Saturday, May 14, 2011

WWII conscientious objector camp at Patapsco was first in U.S.,0,5729170.story

WWII conscientious objector camp at Patapsco was first in U.S.

Sunday ceremony to commemorate 70th anniversary of service installation as observers honor tradition

By Arthur Hirsch, The Baltimore Sun

9:13 PM EDT, May 13, 2011

Fighting raged in Europe and Asia, and a military draft was on in the United States, but the American draftees dispatched to Patapsco Valley State Park in the spring of 1941 had their own ideas about war. They would serve, but not kill.

The group that opened this country's first government-approved civilian service camp for conscientious objectors on May 15, 1941, numbered 26 men from the East Coast. They settled into long, wooden, dark-green and gray barracks with their work clothes, overcoats, linens, shaving supplies, toothpaste, books — and their religious convictions that told them war was wrong.

Soon after they arrived, one man received a letter calling the men "Hitler's little helpers" — a foretaste of greater public hostility to come after the U.S. entered World War II. Months before the attack on Pearl Harbor, however, a national pacifist experiment had begun.

"That was progressive, that was cutting-edge," said Bill Galvin, the counseling coordinator for the Center on Conscience & War in Washington. Galvin is among the organizers of a gathering scheduled near the park at Relay Town Hall on Sunday afternoon to commemorate the 70th anniversary of the opening of the first Civilian Public Service camp at what was then called Patapsco State Forest.

For the first time, the federal government, in conjunction with three religious organizations, established a system allowing conscientious objectors to perform alternative nonmilitary service: working in hospitals, maintaining state forests, fighting forest fires, serving as subjects in scientific research, or building roads, dams and park benches. The program grew to include nearly 12,000 men at 152 camps in 34 states and in Puerto Rico, the Virgin Islands and Chungking, China.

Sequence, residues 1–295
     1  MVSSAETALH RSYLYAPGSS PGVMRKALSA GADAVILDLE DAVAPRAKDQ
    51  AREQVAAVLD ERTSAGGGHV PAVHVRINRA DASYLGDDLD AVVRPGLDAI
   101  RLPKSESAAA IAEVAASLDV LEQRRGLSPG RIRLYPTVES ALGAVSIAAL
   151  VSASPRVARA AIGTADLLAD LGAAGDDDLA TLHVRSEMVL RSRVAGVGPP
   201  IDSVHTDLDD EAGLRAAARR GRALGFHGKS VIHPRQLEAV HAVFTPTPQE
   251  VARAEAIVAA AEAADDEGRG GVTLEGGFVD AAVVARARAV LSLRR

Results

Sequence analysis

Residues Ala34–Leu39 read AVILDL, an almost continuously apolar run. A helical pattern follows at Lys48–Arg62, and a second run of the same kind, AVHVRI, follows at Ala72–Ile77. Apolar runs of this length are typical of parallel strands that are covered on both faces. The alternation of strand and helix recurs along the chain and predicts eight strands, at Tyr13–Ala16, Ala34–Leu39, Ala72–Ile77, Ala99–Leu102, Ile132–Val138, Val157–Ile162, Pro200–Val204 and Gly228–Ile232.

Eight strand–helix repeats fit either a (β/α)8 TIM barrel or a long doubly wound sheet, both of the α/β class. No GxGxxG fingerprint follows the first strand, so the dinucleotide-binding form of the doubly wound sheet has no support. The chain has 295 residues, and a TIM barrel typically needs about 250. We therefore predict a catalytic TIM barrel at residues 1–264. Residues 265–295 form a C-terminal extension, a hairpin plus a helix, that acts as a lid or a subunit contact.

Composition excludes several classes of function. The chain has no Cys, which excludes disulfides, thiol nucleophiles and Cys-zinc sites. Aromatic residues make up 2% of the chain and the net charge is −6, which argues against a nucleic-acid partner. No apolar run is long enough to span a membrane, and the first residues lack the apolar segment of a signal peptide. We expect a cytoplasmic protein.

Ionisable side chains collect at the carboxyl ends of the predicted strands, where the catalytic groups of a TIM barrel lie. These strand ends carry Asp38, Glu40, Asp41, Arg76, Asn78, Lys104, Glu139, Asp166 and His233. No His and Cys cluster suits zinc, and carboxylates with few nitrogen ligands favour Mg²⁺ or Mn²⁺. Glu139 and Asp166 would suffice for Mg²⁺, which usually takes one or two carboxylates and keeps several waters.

"It's helpful to reflect on that history today, as we are now in a period of nearly continuous war," said Titus Peachey of Akron, Pa., a member of the Mennonite Central Committee who helped to organize the commemoration.

He said those gathering Sunday will share a picnic lunch and hear brief remarks from historians and other speakers. Organizers will unveil a website about the Civilian Public Service program that includes a searchable database of the camps and the men who served in this attempt to accommodate anti-war vigilance in a time of war.

Army Gen. Lewis B. Hershey, who ran the Selective Service system from 1940 through 1970, once called Civilian Public Service "an experiment in democracy to find out whether our democracy is big enough to preserve minority rights in a time of national emergency."

Not much is left of the 2- to 3-acre camp in Baltimore County that once comprised eight buildings in the southeastern corner of the park, near Elkridge. Of the structures built originally by the Civilian Conservation Corps during the Great Depression, there remain one fireplace under a picnic shelter, and, as one scholar's account put it, "sidewalks wandering through the park grass, seemingly leading nowhere."

A display at the History Center near the CPS site mentions the camp, which was run and financed largely by the American Friends Service Committee, a Quaker organization. A plaque marks the spot where about 150 men lived and worked at one time or another through September 1942, when the camp moved to Powellville, on the Eastern Shore.

Peachey and Galvin said they knew of no surviving members of the Patapsco camp crews. Accounts from the time suggest that the men may have shared common convictions, but otherwise they were a motley bunch.

A 1943 edition of "Compass," a periodical produced by the Civilian Public Service program, reported that the first contingent at Patapsco included "the fundamentalist group, the aesthetes and exponents of higher culture, the camp radicals, the vegetarians …"

Among them was John "Meat" Yeager, of Allentown, Pa., whose pacifism led him to Patapsco and away from his pursuit of professional boxing and wrestling. He told the writer, Russell Freeman, that he left the ring because he "didn't want to hurt nobody, and besides, it ain't Christian."